What are the Top 5 differences between NFPA 13, 13R and 13D?
This is somewhat of a loaded question, and the answer has changed somewhat frequently. Each code cycle introduces new changes and each of these standards, so, in a way this is an evolving answer.
Also, I'm kind of stepping out and talking about big picture generalizations here.
When we have a handbook with commentary on a standard that is over 1000 pages long, then it would be very naive of me to say that I could summarize the entire standard in a quick 4-minute video.
What I would like to address today is the big picture differences between these three standards. The only way to vet the full recourse of differences for your project is to learn and know and look up the differences for your particular project. Again, today we're looking at a very high-level big picture impacts between these three standards.
Major Difference #1: Objectives
As a starting point, each of these standards has different objectives. 13D and 13R are designed primarily with the intent for life safety, with the goal of extending the amount of time that we have to escape a burning building. NFPA 13D and R include a purpose specifically to prevent flashover in the room where the fire originates, when that room is sprinklered. NFPA 13R goes on to state that it also provides some level of property protection.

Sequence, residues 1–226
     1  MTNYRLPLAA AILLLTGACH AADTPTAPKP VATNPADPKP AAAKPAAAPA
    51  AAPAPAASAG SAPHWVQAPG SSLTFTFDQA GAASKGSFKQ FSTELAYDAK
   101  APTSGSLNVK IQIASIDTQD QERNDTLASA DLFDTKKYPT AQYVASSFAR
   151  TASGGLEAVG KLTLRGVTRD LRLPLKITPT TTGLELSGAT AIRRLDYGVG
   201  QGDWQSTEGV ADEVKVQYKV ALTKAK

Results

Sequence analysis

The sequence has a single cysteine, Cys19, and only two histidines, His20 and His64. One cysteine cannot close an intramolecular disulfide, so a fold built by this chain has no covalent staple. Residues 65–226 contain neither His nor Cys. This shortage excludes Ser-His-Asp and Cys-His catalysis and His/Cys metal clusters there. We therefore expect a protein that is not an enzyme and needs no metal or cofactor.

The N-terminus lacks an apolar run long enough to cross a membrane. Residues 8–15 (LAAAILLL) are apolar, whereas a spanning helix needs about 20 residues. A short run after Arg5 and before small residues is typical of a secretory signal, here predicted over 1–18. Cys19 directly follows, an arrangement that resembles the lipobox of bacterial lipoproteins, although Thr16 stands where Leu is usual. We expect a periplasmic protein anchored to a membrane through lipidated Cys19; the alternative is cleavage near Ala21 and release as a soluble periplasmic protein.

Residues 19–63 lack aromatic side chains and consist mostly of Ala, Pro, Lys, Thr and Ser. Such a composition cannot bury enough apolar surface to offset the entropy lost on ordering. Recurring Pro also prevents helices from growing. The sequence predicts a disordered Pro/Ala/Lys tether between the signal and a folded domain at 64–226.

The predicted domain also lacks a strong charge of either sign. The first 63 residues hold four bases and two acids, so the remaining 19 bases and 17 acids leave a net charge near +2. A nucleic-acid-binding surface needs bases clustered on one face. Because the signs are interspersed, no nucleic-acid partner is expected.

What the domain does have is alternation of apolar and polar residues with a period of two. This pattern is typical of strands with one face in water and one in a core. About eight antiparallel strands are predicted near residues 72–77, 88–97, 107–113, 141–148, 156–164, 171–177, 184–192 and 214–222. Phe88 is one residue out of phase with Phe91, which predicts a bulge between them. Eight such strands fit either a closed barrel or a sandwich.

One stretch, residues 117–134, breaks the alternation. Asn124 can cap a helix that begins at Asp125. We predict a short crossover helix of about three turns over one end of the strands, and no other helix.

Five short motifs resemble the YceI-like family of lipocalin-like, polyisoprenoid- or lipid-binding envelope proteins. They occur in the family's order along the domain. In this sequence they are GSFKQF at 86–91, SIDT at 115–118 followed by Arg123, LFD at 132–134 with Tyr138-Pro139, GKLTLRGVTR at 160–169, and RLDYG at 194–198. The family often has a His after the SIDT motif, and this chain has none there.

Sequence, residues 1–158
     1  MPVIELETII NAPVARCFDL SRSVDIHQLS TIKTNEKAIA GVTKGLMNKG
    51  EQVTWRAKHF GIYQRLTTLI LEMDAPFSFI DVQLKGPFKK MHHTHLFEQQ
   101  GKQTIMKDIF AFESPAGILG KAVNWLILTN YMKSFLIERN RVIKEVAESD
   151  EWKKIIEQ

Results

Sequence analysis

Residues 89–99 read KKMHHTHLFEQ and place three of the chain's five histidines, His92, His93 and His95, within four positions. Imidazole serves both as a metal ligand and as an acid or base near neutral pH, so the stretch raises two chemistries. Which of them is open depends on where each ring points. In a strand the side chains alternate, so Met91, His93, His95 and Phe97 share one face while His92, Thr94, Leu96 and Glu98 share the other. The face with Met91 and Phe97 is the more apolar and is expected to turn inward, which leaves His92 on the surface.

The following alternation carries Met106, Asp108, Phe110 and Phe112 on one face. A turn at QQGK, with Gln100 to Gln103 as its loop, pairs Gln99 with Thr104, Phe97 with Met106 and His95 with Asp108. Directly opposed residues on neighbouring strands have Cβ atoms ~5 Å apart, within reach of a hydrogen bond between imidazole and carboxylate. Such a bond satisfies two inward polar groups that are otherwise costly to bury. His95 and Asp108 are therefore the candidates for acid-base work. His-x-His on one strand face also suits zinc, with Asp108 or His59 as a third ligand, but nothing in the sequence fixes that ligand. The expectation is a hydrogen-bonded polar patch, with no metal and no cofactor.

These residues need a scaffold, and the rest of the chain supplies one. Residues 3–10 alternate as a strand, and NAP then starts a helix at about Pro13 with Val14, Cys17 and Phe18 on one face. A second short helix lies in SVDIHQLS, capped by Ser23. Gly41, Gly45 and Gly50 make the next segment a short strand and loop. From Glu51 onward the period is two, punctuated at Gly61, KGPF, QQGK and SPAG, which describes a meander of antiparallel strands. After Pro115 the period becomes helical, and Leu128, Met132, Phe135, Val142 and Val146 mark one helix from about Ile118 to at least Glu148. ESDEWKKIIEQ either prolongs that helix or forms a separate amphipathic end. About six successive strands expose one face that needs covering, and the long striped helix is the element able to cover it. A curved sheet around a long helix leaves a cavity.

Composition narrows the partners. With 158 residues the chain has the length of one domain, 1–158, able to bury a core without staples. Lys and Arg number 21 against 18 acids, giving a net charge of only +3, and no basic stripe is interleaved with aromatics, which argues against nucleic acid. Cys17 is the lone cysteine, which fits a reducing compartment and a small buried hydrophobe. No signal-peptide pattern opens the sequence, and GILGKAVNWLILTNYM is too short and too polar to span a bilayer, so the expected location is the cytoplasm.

That is different than the goal of NFPA 13, which is to provide both life safety and property protection.
Major Difference #2: Limitations for Use
NFPA 13D and 13R both carry significant limitations on when they are allowed to be used.
In our last three videos we discussed this in a lot more detail, but as a short recap, 13D is intended for one and two family homes and 13R is intended for low rise residential occupancies. Both the building code and the standards themselves carry major limitations on when these are allowed to be used.
NFPA 13 does not carry these same limitations.
Major Difference #3: Allowable Code Reductions